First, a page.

Putting on a dental crown


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Putting on a dental crown – When white shines brighter than gold

Has this ever happened to you?

After weeks, months, and years of eating yummy food, one of my teeth started hurting. “Oh oh, hopefully this’ll just be a little boo boo …” I thought jokingly to myself but a dentist visit soon thereafter brought the inconvenient truth (hi Al Gore) to the forefront: my tooth root was infected! To do everything possible to save the tooth, I had to undergo a root canal procedure which meant sitting in the dentist’s chair for over an hour while listening to the dentist’s drill digging deeper and deeper into my tooth … well, I do not know if any of you could imagine anything worse, but I could not. Once the procedure was finally over, I had to get a dental crown fitted and placed on top of the treated tooth to avoid reinfection. “Let’s see which color fits best with my remaining teeth …”

What is a dental crown?

A dental crown needs to be placed to avoid potential reinfections when dental fillings and/or inlays are not enough to completely seal off a previously treated tooth. Such crowns are often used for teeth that have undergone root canal procedures but are also frequently found as parts of dental bridges. Dental crowns are particularly useful for:

* Stabilizing teeth that are at a high risk of crumbling/chipping/breaking
* Protecting teeth with large fillings
* Fixing detachable parts of dentures, dental prostheses, and other tooth replacements

The very first dental crowns were made out of metal or even gold and were easily distinguishable from healthy teeth. Over the past few decades, dental medicine has fortunately made significant progress and produced numerous much better and more aesthetically pleasing crown types. Some of the most frequently used ones are:

Porcelain-fused to Metal Crown – A tooth cap made out of metal and with a ceramic coat on top to make sure that it is almost impossible to differentiate from healthy teeth. The only characteristic that gives this type of crown away is a narrow metal edge close to the gum line.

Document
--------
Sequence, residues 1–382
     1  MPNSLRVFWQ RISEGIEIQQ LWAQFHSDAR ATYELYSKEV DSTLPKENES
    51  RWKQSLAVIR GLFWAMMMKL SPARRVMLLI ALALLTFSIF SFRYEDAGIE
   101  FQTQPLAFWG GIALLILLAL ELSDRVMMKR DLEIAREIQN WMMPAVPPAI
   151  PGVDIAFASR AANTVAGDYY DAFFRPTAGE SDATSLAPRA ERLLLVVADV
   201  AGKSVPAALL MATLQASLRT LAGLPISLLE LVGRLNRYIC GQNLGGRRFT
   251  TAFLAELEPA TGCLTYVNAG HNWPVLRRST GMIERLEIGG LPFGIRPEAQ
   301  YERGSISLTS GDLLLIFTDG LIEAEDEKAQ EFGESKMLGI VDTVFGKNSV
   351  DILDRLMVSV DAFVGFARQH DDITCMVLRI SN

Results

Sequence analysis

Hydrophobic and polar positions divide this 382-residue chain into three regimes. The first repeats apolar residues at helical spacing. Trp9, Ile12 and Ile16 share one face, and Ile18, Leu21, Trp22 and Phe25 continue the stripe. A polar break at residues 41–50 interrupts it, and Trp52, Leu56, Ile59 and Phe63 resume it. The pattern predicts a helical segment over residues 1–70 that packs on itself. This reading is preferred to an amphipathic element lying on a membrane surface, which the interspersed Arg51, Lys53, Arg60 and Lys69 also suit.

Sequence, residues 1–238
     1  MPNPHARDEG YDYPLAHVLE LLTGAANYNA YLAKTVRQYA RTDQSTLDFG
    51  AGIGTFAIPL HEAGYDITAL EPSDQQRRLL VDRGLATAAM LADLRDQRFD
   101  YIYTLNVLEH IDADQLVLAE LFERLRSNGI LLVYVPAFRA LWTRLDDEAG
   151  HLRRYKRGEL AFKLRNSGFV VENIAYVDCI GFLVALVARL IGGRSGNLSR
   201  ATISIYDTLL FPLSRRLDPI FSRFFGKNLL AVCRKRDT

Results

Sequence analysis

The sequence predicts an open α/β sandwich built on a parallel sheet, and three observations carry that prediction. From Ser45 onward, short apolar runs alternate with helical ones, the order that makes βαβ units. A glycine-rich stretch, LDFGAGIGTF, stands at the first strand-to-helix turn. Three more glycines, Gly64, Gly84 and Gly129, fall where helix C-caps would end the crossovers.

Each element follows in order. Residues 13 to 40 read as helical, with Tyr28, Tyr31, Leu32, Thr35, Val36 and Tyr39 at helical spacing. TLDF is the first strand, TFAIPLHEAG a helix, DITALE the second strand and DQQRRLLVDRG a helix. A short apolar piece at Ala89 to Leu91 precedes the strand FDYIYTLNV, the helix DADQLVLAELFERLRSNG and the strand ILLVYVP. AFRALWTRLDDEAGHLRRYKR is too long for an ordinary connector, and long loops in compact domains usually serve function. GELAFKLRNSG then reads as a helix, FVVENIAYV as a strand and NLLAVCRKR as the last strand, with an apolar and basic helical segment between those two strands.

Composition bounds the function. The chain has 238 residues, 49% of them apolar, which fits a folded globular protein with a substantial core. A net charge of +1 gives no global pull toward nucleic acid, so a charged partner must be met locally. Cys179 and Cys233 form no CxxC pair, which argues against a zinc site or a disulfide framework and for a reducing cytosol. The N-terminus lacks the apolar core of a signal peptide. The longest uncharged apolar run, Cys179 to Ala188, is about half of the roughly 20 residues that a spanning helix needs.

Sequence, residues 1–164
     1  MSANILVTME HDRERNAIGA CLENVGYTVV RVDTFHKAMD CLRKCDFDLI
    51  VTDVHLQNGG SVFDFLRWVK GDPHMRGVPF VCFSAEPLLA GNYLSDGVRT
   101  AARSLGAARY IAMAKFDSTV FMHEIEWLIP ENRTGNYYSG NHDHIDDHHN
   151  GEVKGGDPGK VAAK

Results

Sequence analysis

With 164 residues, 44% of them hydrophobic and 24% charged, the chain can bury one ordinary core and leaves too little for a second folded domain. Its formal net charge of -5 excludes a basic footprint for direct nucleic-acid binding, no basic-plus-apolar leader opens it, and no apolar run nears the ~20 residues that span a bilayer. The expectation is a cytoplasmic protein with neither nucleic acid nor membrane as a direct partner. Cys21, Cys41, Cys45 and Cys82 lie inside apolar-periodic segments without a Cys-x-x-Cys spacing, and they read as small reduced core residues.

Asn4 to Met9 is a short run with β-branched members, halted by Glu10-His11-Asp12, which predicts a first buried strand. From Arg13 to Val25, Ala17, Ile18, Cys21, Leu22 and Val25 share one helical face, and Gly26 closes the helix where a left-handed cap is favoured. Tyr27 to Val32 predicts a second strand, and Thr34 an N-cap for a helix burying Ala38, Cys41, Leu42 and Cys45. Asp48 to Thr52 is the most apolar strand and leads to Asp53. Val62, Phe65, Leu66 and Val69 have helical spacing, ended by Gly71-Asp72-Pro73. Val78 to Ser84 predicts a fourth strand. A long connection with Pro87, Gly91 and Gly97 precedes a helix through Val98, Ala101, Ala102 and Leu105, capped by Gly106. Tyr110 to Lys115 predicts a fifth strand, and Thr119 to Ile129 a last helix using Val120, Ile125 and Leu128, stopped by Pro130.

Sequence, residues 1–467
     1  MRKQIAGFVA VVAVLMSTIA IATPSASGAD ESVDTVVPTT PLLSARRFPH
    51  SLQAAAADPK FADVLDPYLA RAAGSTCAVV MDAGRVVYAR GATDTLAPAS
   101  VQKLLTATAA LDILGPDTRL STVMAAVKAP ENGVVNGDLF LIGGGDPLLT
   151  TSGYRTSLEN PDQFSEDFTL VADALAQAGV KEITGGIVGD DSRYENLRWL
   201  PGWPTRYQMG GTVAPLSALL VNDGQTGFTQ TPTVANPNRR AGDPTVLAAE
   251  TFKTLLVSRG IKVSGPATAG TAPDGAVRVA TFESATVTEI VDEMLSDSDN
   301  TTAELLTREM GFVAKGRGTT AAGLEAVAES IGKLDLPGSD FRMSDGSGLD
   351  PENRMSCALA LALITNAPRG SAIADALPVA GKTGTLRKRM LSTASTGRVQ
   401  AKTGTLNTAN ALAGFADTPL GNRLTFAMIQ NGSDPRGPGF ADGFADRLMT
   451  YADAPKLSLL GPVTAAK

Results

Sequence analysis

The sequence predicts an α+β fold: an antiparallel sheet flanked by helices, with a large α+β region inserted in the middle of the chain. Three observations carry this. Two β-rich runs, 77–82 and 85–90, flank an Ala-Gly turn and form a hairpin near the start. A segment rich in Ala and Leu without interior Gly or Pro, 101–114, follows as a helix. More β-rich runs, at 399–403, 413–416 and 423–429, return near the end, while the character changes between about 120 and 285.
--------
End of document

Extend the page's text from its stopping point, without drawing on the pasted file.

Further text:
Zirconium Crown – A completely metal-free tooth cap with a ceramic coat on top that does not have any metal edges along the gum line.

Ceramic Crown – A 100% metal-free tooth cap that virtually completely blends in with healthy teeth. Usually used on canine teeth and incisors for which aesthetics are a top priority. 
“Lots of options to pick from. But as long as I will not have to sport a gold tooth, I’m happy with any of these options. Out of interest – what are my alternatives?” I asked my dentist after he had finished sealing my treated tooth with a provisional crown.


What are alternatives for a dental crown?

"Well, since a dental crown is only used on severely damaged and endangered teeth, the number of viable alternatives is fairly limited. A dental implant, however, can almost always be the last solution.” The key advantage of a dental implant is its superior optical appearance due to the fact that it is a complete replica of the tooth that it replaces. However, the key trade-off for the superior look is the fact that the damaged tooth must be removed completely and permanently. Also, dental implants can cost up to € 2,000 which is significantly more than the cost of dental crowns and dental insurance generally pays reimburses the same amount for implants as it does for crowns. “So let me get this straight: I would not only lose my tooth for good but I would also have to pay more for it? In that case, let’s just stick with the crown please. How much will one of those cost me?”
How much does a dental crown cost?
A dental crown can cost between € 300 and € 1.000 depending on the materials used and the particular amount of effort that is required for placement from the dentist. Currently, insurers in Vienna and Austria provide a benefit payment only for metal crowns as part of their basic coverage packages. The differential between this benefit payment and the total cost of a crown has to be borne by the patient in the form of out-of-pocket costs (up to 80%+). The benefit payment amount and, conversely, the out-of-pocket cost amount for the patient vary depending on type and location of a treated tooth – in general, insurers pay less for non-visible posterior teeth and molars. Due to the long lifetime of dental crowns, insurers cover the manufacture of a new crown for any given tooth only once every 6 years. Also important to note is the fact that dentists in Austria can freely set pricing for fixed tooth replacements (incl. dental crowns), which has a direct impact on the amount that a patient may have to pay out-of-pocket. Fortunately, in Austria there is a 2-year guarantee for tooth replacements, meaning that dentists are obligated to replace any dental crowns that break within a 2-year period after placement for free. “Looks like this will get quite expensive, but a pretty smile is worth its weight in gold, no? Let’s go ahead with a modern ceramic crown please.”


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All the Best & see you soon, Ace!




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